the Fort

we'll be at ft. warden making the merry magic in a chamber 40 seconds wide. be sure to wear shoes and dress warmly. don't run out of oxygen.

Thursday, October 1, 2009

Last Night's Dream

We're living in a little cabin on the ocean. I take a walk down the beach and I see something partially buried in the sand -- it looks like a really long white t-shirt. Dan Ackroyd comes out (he lives in the cabin next to us) and explains that it is actually a ghost -- a hot young lady ghost that he had a little fling with one summer many years ago. And because he was dating her (and because she was a GHOST), he let her influence the writing of Ghostbusters II. Ah! So THAT'S why that movie was so awful. Dan is telling me: Remember, just because your girlfriend is a ghost and you're writing a movie about ghosts, doesn't necessarily mean she is a good writer. Thanks Dan. I'll keep that in mind.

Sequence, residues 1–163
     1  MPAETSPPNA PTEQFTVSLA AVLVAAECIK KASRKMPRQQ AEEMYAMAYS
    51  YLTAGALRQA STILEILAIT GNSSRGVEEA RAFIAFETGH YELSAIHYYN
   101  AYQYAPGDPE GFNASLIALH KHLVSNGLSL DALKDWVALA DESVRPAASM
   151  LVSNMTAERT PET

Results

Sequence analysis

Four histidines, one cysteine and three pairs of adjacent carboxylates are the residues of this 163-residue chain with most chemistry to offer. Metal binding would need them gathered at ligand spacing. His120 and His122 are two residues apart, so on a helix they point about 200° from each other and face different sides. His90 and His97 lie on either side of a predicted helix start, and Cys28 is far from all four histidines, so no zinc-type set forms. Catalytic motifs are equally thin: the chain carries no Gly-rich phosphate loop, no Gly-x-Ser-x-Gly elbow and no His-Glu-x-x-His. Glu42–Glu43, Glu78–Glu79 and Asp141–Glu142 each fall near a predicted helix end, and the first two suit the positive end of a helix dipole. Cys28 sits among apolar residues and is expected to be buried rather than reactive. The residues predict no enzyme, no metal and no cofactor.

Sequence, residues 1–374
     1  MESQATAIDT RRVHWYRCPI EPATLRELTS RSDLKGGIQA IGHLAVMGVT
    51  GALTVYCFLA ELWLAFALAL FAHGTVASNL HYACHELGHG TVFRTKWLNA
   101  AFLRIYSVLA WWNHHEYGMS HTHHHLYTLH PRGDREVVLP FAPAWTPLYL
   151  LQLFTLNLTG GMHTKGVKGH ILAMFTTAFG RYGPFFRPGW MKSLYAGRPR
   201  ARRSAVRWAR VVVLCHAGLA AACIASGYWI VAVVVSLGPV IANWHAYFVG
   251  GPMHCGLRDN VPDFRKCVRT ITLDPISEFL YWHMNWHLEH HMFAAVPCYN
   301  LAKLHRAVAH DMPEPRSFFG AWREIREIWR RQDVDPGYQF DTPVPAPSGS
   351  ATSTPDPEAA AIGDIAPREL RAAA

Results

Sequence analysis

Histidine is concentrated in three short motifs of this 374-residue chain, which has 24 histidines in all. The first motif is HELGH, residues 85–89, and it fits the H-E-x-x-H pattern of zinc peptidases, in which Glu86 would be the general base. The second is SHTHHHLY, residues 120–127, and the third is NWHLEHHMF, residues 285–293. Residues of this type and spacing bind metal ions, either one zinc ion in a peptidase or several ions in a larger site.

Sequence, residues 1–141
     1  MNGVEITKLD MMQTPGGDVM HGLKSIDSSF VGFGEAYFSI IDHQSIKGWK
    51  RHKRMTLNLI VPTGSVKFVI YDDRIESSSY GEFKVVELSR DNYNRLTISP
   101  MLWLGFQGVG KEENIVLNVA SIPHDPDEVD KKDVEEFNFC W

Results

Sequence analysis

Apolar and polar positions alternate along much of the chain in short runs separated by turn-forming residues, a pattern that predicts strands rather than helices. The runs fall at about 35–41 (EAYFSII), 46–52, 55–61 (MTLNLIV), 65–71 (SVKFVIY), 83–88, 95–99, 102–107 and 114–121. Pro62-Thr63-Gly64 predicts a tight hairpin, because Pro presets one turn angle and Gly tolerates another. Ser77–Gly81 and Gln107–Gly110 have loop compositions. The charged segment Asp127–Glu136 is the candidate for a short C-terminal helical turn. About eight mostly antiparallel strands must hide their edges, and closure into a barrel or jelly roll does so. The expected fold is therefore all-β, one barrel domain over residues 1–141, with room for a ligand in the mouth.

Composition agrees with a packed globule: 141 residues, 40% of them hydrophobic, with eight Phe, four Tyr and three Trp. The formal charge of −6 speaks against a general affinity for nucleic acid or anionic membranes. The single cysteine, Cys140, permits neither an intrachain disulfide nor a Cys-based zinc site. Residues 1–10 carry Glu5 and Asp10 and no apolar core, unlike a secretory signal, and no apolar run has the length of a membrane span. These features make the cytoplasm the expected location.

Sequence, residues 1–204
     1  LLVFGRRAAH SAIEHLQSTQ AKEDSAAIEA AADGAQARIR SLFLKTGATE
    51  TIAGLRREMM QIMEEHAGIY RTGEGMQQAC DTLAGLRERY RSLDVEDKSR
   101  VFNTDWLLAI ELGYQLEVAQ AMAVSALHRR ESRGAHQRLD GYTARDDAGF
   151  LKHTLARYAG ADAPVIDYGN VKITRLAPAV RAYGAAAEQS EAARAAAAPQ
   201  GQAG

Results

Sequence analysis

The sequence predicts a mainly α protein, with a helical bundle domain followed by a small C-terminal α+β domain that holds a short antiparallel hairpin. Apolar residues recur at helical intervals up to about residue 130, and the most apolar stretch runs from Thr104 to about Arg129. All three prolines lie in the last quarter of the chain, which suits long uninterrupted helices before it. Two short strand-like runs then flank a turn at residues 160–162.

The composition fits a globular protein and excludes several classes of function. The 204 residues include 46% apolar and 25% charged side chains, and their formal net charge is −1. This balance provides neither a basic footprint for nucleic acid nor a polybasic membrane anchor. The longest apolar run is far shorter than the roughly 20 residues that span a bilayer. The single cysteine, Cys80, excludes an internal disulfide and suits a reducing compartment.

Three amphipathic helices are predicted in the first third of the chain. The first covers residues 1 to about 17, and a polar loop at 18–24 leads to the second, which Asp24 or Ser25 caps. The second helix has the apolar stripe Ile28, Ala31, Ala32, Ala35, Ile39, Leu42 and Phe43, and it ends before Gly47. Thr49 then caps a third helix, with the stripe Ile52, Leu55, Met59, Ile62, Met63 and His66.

Wednesday, September 23, 2009

Tuesday, September 22, 2009

Thursday, September 17, 2009

Anyone have an old mandolin I could borrow?

or buy? for CHEAP?

It can have holes in it. or cracks. It can have your "Meat Is Murder" bumper sticker on it. It doesn't have to sound that great. I don't care, as long as it is basically, pretty much, mostly playable.

I just want it 'cause they're useful to have on hand when you're trying to write a song that has a mandolin in it.

anyone? anyone?

The Boy From Lam Kien Salon

I can't remember if I ever posted this. It's old now, but I still kinda like it.

Wednesday, September 16, 2009


Did someone in this band have a birthday today?

A helpful chart

I put together this chart for people who need help understanding their place in the scheme of things.